Almost all poisoning cases that Kibby has been involved in have been due to misidentification, where immigrants have picked what they thought they recognised from their native country, or based on knowledge passed down from older generations. Recently, Australian news channels reported a case where four people in Canberra accidently poisoned themselves after consuming death cap at a New Year’s Eve party. Two of them later died. They were of Asian descent, and it is believed that they may have mistaken the death caps for edible paddy straw mushrooms (Volvariella volvacea) – a common ingredient used in Asian cuisines.
Brett Summerell, a fungi expert from the Royal Botanic Gardens in Sydney, Australia, told ABC News shortly after the deaths that ‘mushrooms that are poisonous in Australia have very close relatives to those that are quite safe to eat and have a very similar appearance to the straw mushroom.’ Newcombe agrees: ‘They’ve come from a culture where mushrooms like that are eaten and so probably thought they recognized them, rather than identified them.’
Since these deaths, the Australian government and the Australian National Botanical Gardens have released a factsheet on death caps.6 It provides detailed descriptions and photographs, as well as possible locations in southern Australia and what symptoms to expect. They emphasise the importance of not confusing death caps with the edible straw mushrooms that are grown and eaten in Asia. Even though the straw mushrooms are not native to Australia, a related species V. speciosa is and looks very similar to straw mushrooms. They have even been found to grow side-by-side with the death caps in some areas of Australia. Each species in the Volvariella genus has a volva at the base of the steam and gills that do not reach the stem – just like the death cap. As the guidebook3 says, ‘great care should be taken in identification to avoid confusion with the deadly white-spored Amanitas’.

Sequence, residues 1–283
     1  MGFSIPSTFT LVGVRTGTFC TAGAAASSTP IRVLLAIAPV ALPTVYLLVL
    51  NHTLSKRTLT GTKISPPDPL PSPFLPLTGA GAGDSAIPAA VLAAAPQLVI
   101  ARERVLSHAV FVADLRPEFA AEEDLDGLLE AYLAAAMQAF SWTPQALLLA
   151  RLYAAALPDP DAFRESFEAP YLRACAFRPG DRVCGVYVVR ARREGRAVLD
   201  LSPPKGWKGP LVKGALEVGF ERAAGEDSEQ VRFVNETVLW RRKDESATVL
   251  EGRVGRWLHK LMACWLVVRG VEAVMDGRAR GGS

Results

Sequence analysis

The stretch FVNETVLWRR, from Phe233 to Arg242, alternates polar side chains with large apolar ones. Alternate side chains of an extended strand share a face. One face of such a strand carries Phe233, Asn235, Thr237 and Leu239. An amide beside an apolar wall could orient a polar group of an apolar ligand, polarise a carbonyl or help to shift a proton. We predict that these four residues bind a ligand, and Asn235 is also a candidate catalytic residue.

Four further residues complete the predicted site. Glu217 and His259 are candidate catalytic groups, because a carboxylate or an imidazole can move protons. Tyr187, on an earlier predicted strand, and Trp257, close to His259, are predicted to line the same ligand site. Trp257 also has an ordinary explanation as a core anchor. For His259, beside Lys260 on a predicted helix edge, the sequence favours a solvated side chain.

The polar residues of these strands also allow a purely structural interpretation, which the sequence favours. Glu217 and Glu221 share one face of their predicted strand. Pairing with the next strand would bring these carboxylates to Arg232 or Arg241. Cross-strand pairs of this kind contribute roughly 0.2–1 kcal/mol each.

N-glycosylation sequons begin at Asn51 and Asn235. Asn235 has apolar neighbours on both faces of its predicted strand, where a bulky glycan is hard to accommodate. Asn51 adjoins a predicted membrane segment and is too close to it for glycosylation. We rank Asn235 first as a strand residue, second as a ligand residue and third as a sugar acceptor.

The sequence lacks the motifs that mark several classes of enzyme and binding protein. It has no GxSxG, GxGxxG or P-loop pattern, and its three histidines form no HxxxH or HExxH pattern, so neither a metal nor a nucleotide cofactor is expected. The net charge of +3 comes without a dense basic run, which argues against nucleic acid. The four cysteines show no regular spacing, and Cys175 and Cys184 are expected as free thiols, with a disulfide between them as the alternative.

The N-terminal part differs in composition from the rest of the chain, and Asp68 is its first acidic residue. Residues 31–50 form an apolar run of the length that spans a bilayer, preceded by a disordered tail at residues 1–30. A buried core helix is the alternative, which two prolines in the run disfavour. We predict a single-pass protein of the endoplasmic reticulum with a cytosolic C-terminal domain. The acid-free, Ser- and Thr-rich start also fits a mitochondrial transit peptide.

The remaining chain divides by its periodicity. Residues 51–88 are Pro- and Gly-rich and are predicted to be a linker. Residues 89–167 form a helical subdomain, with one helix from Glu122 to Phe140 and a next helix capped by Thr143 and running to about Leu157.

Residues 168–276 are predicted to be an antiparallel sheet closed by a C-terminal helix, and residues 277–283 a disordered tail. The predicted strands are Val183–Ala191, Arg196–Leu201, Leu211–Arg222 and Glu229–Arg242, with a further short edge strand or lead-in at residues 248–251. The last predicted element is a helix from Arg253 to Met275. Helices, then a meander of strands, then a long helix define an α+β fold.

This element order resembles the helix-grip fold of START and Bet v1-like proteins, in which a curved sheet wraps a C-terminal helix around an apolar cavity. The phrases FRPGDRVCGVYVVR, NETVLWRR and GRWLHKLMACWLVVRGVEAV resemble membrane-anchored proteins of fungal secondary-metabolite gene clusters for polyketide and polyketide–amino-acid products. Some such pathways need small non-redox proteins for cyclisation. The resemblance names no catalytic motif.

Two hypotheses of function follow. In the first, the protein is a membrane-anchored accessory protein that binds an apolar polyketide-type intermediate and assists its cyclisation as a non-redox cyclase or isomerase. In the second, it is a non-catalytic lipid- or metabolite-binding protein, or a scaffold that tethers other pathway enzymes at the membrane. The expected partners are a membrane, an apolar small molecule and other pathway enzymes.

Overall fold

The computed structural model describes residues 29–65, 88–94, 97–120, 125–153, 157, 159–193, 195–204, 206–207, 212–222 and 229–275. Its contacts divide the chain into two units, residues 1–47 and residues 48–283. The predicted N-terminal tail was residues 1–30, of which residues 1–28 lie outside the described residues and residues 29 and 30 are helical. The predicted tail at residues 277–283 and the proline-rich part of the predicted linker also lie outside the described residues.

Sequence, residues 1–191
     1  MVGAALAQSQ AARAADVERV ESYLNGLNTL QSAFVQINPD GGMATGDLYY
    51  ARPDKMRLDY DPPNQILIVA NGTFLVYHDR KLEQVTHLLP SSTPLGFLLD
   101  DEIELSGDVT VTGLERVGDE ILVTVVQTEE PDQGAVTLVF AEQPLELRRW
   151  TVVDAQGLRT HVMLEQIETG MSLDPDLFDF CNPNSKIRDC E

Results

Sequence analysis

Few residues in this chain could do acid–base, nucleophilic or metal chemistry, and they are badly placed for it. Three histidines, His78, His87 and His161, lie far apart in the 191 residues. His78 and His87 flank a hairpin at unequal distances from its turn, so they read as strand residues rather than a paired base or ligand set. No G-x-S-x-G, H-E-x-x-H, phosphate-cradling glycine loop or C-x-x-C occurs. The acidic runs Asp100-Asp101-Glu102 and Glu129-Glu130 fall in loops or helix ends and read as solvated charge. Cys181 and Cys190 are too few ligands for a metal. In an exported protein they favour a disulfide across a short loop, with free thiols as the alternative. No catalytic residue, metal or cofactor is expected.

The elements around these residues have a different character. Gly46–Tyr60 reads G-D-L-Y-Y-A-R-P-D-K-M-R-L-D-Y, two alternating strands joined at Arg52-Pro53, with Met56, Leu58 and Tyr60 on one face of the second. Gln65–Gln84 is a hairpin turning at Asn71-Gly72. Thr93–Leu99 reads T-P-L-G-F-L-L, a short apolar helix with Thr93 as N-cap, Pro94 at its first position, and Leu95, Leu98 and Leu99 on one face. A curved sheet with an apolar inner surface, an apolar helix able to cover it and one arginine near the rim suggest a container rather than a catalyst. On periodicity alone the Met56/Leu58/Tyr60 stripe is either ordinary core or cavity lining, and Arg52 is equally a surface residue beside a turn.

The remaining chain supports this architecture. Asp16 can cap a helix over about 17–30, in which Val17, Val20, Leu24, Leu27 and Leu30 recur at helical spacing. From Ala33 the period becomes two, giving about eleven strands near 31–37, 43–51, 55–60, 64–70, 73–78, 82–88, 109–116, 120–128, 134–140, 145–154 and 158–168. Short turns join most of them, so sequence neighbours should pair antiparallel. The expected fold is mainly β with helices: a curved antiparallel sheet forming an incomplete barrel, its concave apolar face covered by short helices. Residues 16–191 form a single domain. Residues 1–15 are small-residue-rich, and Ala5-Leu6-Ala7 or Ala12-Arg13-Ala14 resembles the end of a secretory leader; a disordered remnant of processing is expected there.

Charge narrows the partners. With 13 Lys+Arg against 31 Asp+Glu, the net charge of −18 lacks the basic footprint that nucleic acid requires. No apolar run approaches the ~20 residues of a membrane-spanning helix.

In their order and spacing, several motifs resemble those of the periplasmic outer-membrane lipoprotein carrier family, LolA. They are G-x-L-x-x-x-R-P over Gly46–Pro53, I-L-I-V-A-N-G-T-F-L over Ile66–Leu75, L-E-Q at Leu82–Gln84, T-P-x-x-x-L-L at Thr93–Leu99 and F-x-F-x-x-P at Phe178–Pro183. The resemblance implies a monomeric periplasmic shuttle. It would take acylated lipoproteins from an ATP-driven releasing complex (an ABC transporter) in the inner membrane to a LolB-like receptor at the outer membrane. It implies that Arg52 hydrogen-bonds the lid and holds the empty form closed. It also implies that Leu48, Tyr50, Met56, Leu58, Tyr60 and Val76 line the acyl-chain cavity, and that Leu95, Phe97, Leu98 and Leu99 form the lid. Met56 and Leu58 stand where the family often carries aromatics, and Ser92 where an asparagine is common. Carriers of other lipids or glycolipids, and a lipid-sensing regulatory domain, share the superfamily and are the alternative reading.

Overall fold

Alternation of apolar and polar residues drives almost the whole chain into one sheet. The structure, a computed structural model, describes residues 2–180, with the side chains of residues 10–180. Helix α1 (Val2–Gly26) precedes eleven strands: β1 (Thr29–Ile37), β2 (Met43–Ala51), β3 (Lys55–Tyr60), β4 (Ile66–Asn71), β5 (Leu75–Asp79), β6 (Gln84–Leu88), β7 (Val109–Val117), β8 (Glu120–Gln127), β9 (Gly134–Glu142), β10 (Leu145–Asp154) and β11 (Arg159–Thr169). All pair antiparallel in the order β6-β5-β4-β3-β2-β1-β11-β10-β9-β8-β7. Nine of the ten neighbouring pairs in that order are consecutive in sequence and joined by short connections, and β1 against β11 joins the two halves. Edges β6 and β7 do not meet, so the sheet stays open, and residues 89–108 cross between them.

‘The greenish form of death cap does look like the paddy straw mushroom,’ says Kibby. ‘Even the bulbous bag at the base of the stem can be present on the paddy straw mushroom so that wouldn’t have alerted them initially.’ The only way to tell them apart is by looking at their spores, according to Kibby: ‘The paddy straw mushrooms have pink spores whereas the death cap have white spores.’ There are also chemical tests that can be carried out: adding sulfuric acid to the mushroom’s stem or gills will turn black if it is a death cap. The Meixner test uses concentrated hydrochloric acid and newspaper to determine the presence of the deadly toxin a-amanitin.7